Looters raid Jordanian crypts in search of gold, jewels and artifacts (Washington Post) In Jordan, there is a long tradition of “treasure hunting.” But the gold fever driving a surge in tomb-raiding in the Hashemite Kingdom is the worst in years. No one knows exactly how they started, but rumors have been flying from rough kebab shops to fancy dinner parties — of buried treasure, of Ottoman gold and Byzantine jewels, of jars heavy with Roman coins. It sounds nutty. But it is destroying Jordan’s rich cultural heritage, piece by piece, one looted Bronze-era funerary relic at a time…

Pope Tawadros II received by Patriarch Kirill (Coptic Orthodox Church UK) Coptic Orthodox Pope Tawadros II of Alexandria, accompanied by a papal delegation, was received by Russian Orthodox Patriarch Kirill of Moscow and All Russia at the Russian Patriarchate on 29 October 2014. The visit, that included a formal meeting of delegations, followed by lunch, marks 26 years since the most recent visit of the last patriarch of Alexandria, the late Pope Shenouda III…



Tags: Syria Jordan Coptic Orthodox Pope Tawadros II Patriarch Kirill Syrian Catholic

29 October 2014
J.D. Conor Mauro




Medical staff provide checkups for children brought by the Dominican Sisters to a
CNEWA-supported clinic in Ain Kawa, Iraqi Kurdistan. (photo: Don Duncan)


Over the weekend, Michel Constantin, CNEWA’s regional director for Lebanon, Syria and Egypt, submitted a brief report on the needs of refugee children in Iraq:

CNEWA has been in continuous contact with the local church in Erbil and with the Dominican Sisters of St. Catherine of Siena, showing solidarity and providing support to ease the suffering of the refugees and the displaced — including religious minorities such as Christians, Yazidis and Shiite Muslims.

In partnership with the sisters, CNEWA is equipping a new dispensary and a new center for people with special needs, and providing children with clothing, milk and diapers.

Presently, there are 120,000 Christian refugees in Erbil and other parts of Iraqi Kurdistan, living in schools, churches, monasteries and parks after being forced from their homes in Mosul and other cities of the Nineveh Plain by forces of the Islamic State.

As the needs continue to mount, the condition is continuing to deteriorate for these internally displaced people. Although food and other essential items are being provided through local and international charities, CNEWA is the only organization addressing the need for milk for infants and children and the provision of diapers for babies. Further, thousands of refugees will soon have to endure harsh winter conditions. The climate in Kurdistan is arid, with a temperature that reaches around 120 degrees in summer and falls below freezing in winter.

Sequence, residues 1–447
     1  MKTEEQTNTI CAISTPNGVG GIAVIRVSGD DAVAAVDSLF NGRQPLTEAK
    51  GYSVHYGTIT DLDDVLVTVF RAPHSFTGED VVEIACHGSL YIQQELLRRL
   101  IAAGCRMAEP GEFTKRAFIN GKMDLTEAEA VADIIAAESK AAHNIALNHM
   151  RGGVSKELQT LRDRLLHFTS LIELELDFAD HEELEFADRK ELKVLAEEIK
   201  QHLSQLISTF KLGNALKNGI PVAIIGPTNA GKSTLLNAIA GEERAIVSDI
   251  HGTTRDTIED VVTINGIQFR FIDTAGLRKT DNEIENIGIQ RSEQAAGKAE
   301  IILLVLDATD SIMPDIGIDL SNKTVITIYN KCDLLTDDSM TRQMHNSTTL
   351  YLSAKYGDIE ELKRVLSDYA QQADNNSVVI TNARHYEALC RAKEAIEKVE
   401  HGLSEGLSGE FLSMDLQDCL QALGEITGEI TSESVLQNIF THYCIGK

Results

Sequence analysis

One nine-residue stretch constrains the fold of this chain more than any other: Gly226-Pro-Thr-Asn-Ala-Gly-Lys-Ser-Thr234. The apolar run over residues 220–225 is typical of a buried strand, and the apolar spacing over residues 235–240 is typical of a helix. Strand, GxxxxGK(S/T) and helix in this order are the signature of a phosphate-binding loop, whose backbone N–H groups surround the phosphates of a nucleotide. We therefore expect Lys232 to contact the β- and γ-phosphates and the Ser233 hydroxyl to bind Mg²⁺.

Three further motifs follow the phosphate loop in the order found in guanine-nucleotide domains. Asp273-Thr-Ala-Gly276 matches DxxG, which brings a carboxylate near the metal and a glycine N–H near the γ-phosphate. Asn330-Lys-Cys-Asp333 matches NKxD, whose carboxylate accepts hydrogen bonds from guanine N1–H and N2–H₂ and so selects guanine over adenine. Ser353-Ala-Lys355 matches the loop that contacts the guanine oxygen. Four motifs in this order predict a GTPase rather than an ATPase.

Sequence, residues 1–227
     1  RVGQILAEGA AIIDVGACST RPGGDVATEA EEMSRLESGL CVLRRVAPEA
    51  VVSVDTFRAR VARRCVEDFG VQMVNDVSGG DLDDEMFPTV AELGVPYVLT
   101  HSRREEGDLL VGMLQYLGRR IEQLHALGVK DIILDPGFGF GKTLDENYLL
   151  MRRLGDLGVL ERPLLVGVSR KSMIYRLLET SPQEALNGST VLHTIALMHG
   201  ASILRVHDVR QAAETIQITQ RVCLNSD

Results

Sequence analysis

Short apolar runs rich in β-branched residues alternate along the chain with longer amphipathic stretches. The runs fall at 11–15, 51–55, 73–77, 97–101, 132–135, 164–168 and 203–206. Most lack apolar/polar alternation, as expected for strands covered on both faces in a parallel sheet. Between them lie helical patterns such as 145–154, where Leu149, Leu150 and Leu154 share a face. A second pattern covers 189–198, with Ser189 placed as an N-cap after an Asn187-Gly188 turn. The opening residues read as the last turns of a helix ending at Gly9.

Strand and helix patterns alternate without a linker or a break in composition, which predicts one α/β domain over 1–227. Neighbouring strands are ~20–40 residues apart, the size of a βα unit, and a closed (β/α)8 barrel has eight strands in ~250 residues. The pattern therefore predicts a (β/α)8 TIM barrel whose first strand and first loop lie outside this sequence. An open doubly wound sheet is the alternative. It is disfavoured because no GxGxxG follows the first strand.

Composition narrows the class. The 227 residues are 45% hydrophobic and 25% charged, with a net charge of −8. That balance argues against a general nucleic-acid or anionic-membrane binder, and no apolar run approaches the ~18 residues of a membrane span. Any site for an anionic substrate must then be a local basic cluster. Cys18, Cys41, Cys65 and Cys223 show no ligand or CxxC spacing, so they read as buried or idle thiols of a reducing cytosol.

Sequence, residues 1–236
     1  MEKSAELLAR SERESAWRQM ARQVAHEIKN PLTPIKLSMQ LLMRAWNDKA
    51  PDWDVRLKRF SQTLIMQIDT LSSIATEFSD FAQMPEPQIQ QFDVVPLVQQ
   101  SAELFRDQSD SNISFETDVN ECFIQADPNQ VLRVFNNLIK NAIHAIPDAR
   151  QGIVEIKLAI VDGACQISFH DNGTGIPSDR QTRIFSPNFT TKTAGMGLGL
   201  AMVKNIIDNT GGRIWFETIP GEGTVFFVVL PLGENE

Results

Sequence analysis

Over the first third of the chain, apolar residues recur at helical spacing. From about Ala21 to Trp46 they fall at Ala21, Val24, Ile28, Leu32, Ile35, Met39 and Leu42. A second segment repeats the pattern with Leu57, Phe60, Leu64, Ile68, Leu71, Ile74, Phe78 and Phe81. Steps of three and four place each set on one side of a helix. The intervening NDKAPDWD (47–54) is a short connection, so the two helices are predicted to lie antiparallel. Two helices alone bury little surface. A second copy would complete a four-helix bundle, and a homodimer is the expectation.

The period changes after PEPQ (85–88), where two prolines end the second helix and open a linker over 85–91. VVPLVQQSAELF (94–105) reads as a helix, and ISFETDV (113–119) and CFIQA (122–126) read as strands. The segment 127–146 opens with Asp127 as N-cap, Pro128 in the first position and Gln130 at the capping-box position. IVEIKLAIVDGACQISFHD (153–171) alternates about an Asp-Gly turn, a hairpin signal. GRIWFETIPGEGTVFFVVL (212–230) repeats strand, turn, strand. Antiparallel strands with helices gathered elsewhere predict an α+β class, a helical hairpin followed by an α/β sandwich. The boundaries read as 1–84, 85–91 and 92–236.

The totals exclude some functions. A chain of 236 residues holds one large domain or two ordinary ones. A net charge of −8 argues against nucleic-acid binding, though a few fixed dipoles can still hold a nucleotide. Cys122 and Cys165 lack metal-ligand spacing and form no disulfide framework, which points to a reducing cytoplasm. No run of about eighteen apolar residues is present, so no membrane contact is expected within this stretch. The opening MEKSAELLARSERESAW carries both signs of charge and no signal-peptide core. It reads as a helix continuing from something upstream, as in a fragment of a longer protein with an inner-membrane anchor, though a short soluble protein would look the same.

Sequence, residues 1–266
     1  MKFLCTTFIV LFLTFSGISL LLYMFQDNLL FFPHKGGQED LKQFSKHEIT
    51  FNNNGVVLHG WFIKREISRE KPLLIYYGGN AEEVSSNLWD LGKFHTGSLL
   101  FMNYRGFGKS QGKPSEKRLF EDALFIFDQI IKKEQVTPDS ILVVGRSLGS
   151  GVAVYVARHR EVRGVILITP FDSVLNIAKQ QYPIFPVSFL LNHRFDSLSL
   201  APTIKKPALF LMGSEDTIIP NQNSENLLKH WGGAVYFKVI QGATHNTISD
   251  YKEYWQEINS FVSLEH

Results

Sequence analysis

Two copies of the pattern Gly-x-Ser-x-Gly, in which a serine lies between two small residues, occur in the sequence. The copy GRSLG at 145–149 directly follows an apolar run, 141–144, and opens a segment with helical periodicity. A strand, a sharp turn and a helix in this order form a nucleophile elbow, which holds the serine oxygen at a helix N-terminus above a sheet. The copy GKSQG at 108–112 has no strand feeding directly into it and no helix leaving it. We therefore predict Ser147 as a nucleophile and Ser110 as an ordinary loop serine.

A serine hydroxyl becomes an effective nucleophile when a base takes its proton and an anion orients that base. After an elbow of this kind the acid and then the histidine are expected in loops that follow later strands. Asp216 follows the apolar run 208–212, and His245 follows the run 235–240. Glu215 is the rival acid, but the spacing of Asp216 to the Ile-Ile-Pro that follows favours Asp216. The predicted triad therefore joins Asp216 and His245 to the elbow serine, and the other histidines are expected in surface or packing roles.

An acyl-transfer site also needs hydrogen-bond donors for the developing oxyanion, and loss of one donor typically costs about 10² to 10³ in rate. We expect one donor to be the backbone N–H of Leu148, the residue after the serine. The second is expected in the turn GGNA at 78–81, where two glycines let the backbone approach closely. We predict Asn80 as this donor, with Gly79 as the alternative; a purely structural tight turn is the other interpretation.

The 57 Dominican Sisters of St. Catherine of Siena, who were displaced from Qaraqosh, have been very active in providing support and relief work to the displaced. They have identified 1,794 displaced Christian families in Ain Kawa as those most in need among the displaced.

Among these families, around 1,922 babies urgently need milk, diapers and winter clothing.

CNEWA staff will revisit northern Iraq in mid-November to accompany suffering children and respond to some of their needs. Despite of the efforts of many charity organizations to provide emergency aid, massive efforts are still needed.

To help provide these critical resources to those most in need, click here. Please keep the children of Iraq in your prayers.

(photo: Don Duncan)



Tags: Iraq Children Iraqi Christians Iraqi Refugees Relief

8 October 2014
J.D. Conor Mauro




Antonina Harutinian sits in her domik home in, Gyumri, Armenia. Though meant to be temporary shelters for those displaced by the 1988 earthquake, the tiny domik structures remain the only home many Armenians have known in the decades since. To read more about challenges facing Armenian pensioners, read Shaken by the Earthquake of Life, in the Summer 2014 issue of ONE. (photo: Nazik Armenakyan)



Tags: Armenia Poor/Poverty Caring for the Elderly Pensioners

8 October 2014
J.D. Conor Mauro




Smoke rises from the Syrian town of Kobane after an air strike, seen from near the Mursitpinar border crossing near Suruç, Turkey, on 4 October. (photo: Stringer/Getty Images)

Syrian Kurds say airstrikes push ISIS back from Kobane (Daily Star Lebanon) U.S.-led air strikes Wednesday pushed ISIS fighters back to the edges of the Syrian Kurdish border town of Kobani, which they had appeared set to seize after a three-week assault, local officials said. The town has drawn international attention since the Islamists’ advance drove 180,000 of the area’s mostly Kurdish inhabitants to flee into adjoining Turkey. Ankara has infuriated its own restive Kurdish minority and its NATO partners in Washington by refusing to intervene…

Air strikes leave 65 civilians dead in Iraq’s Anbar (Fars News) A large number of Iraqi civilians were killed during the massive air strikes launched by the warplanes of the U.S.-led coalition in Anbar province on Monday. A military source told National Iraqi news agency that the strikes on ISIS in the city of Ramadi left 65 civilians dead…

More than 300 killed in Ukraine since cease-fire (Al Jazeera) At least 331 people have been killed in clashes in eastern Ukraine since Kiev and Russian-backed rebels signed agreements to enact a cease-fire and create a demilitarized buffer zone last month, the United Nations said Wednesday. Hostilities persist in the main rebel-held city of Donetsk, as well as around the towns of Debaltseve and Schastye…